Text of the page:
Over the last few years the conversation about women in the games industry has escalated somewhat, in part matching the increasing diversity of game audiences across platforms and in part because of some more open conversation from leading individuals; Leigh Alexander, Brenda Romero, Mattie Brice to name but a few. Of course the issue really hit its peak a couple of years ago when Anita Sarkeesian launched her Kickstarter for a video series analysing female characters in games from a feminist perspective (at this point I'm assuming we are all familiar with the story so I will skip the details, but check here for more information). Whether you agree or not with the individual opinions of the aforementioned women or indeed are in favour of the debate as a whole, the reality is that the conversation is out there, here to stay and important to a great many people.
It is out of this environment that Beyond was created. Beyond is an organisation focused on not only the discussion of women in games, tech and science, but also on how we can take the conversation one step further and turn some of these points into productive and practical action, that can make real changes and progress. I - and a handful of others - were lucky enough to attend the Beyond Kickoff in Amsterdam on the 18th-19th January. The weekend consisted of workshops in which we discussed our individual concerns of the position of women in games and tech and how we saw progression in this area. We then expanded on these points to come up with concrete ideas to aid this progress, using games and media. The workshop was greatly enhanced by the various different backgrounds of the people involved coming from a variety of industries, countries and walks of life, so we were able to get a wide perspective on the matter. Of course over the weekend many points were raised - as you would imagine from a group of people passionate about the topic and excited about initiating change - but I believe these were the key topics:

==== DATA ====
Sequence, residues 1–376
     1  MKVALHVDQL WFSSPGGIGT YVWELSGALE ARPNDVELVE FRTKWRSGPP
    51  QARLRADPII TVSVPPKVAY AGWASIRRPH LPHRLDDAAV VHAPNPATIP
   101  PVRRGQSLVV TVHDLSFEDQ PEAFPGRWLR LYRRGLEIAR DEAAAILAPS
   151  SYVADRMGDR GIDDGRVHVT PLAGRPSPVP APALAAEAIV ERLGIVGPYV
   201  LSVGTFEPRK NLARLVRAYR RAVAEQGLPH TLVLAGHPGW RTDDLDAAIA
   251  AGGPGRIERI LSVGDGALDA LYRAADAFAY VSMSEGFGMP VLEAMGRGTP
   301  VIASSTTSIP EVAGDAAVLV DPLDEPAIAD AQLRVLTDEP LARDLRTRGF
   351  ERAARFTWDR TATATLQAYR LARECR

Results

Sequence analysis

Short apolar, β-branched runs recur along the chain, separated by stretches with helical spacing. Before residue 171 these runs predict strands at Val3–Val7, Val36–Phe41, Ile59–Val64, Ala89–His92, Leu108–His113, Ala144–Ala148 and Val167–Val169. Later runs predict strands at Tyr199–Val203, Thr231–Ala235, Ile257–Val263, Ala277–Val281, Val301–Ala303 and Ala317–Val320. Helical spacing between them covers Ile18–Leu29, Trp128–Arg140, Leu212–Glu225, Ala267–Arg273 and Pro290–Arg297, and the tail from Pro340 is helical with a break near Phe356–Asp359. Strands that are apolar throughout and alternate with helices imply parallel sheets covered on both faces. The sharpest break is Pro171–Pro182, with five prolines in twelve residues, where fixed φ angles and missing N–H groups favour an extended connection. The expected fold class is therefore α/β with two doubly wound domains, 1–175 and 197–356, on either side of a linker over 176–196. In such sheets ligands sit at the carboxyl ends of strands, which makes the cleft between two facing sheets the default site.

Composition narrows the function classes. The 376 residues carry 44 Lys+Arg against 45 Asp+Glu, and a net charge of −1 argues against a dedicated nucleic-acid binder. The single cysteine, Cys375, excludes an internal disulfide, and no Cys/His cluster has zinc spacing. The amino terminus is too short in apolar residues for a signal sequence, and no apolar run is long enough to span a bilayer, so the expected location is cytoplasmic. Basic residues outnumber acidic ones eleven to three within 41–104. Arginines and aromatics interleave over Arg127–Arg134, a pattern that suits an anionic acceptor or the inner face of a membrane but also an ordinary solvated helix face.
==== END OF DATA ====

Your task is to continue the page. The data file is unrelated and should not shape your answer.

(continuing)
Game marketing is targeted at men. Is this really still relevant?
Although the percentage of female gamers has been steadily increasing over the years the general consensus is still that the majority of gamers are male and is very much treated as men first, women second. This is often reflected in the marketing with product advertising, PR events and cover art. A good example of this is the way the Mass Effect games have been marketed. Although the main character Shepard can be played as either a male or female, both the box cover and the trailers mostly focus on the male version and although not exclusive of women in this instance, it clearly works on a male first, women second basis; presumably due to marketing indicating that their target audience is predominantly male. Now, this is absolutely fine if this is genuinely the case, however, it does beg the question: does marketing focus on men because there are less female players, or are there less female players because marketing focuses on men?
There is a lack of women in tech subjects. Is this by choice or by default?